On Mauricio Pochettino - and nearly signing Dele Alli...
"Pochettino's done very, very well. The first year it was all about getting his ideas over to the team, in this second year, they're now playing very well. He's given those young boys - Dele Alli, Ryan Mason, Harry Kane - a chance; he's trusted them. They're hungry, they've got goals in the team. Alli has stepped up really well. We thought we had him at Liverpool. I spoke to him and Karl Robinson, the manager of MK Dons, drove him down to us. It was all above board. Karl told me: 'I've got a player I think's going to be fantastic and I'd love to see him at Liverpool.' We watched him, he wanted to come but unfortunately it never got done between the clubs. It was disappointing."
On Liverpool's transfer committee...
"The model at the club is slightly different whereby the ownership group have a way of working where they want to bring in young players, look to see them develop and move on. A lot of the players who came in were 24 or below. As a manager you'll always be the figurehead but there's a recruitment team in place - guys who'll work very hard. It was a group decision; it was certainly not something where I would have the sole final say. It's difficult because you want a player in but if the player is not on the list, you'd have to take someone."
"We needed a player who could press at the top of the pitch; it wasn't just a goalscorer we were after because Luis Suarez was giving us so much more than that. After a friendly against AC Milan, I was asked the question and I felt Mario wasn't someone who suited the profile of what we were after. But come the end of the summer when we were struggling to get in the type of player we wanted, the ownership thought this was perhaps a player I could develop. He's a wonderful talent, there's no doubt about that; you see him on the training ground every day - tall, strong, great touch. They were thinking this is a £50m player we could maybe get for £16m. When the owners are wanting you to go down that route and there's no other option, you give it a go.
"The huge blow was that we thought we were getting Alexis Sanchez and that he'd be a like-for-like replacement in terms of how he pressed the game, his aggression. We thought he'd be perfect, it'd be a smooth transition and Rickie Lambert would come in and be an option if we needed something else in the game. But we didn't get Alexis Sanchez and, bless Rickie, there was a lot of pressure on him when really that wasn't the plan. So we had to bring in someone, Mario has big talent - I wasn't thinking I'd be any different in terms of managers who've had issues with him - and at that moment, we didn't really have another option. It was something that didn't quite work for us and it cost us."
On being out of work...
"I've been spending time with the family and travelling. I had a brilliant experience at Liverpool - it's an incredible football club but I've come away from it, taken a bit of time out and I'll look forward to the next challenge. Hopefully, come the summertime, I can get back into it."
On whether he'd go back to Swansea...
"I said when I left that maybe at some stage in my career and life I'd be back there but it's a case of timing. It's an incredible club, it's a great city, the board have always made the right decisions. I think Garry (Monk) was unfortunate to lose his job but no-one knows the club better than Alan (Curtis). They've got a fight on from now until the end of the season."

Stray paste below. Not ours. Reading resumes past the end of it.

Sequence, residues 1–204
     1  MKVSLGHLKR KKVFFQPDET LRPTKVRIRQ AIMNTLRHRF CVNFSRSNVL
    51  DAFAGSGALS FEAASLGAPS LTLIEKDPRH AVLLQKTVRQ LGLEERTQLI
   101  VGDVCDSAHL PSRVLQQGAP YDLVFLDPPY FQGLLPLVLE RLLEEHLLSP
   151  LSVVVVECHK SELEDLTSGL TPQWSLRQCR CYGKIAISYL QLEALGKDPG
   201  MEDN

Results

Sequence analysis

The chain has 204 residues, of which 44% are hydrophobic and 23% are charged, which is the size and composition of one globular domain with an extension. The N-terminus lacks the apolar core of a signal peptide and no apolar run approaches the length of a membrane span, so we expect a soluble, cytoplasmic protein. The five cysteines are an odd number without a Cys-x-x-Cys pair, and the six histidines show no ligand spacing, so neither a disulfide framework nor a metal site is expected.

On his time at Chelsea...
"It was a wonderful experience for me and during that time I obviously got the chance to work with world-class players. I was a young coach coming through and the chance to work with Jose (Mourinho) and Frank (Lampard) for example and understand the preparation that goes into every day was fantastic. It gives you confidence and then the opportunity came up to go into management. I felt I was ready then after 15 years as a coach."
On Jose Mourinho's sacking...
"Was I surprised Chelsea let him go? Yes. You see the success he's had as a manager but especially last year - they were champions; he signed a new contract. Clearly something wasn't working well but you just felt that if Jose Mourinho goes with the success he's had, then the game is changing. I think it was purely confidence with Chelsea. John Terry was the best centre-half in the league. They're top-class players but they had a bad start, things get uncomfortable and the spotlight goes on you as a manager. Sometimes it can be very hard to shift; I experienced that first-hand."
"It's something that I would consider. I've had a few offers to go abroad and at home but I want to find the time to recover well and make sure the motivation's renewed for when I want to go back in. It can be wherever, as long as it's an exciting project to go into and the club want to work together and build something. It doesn't matter where you go, you want to be within a chance of winning things. We got so close with Liverpool. That really drives you."
On Gary Neville's move to Valencia...
"I was surprised but I think he's been so brave. Being a No 1 is so different, with the responsibility. Fair play to him to go to another country where communication is difficult. But he's gone into a fantastic club with good people around him and wherever he goes next, he'll be better for it having been a No 1."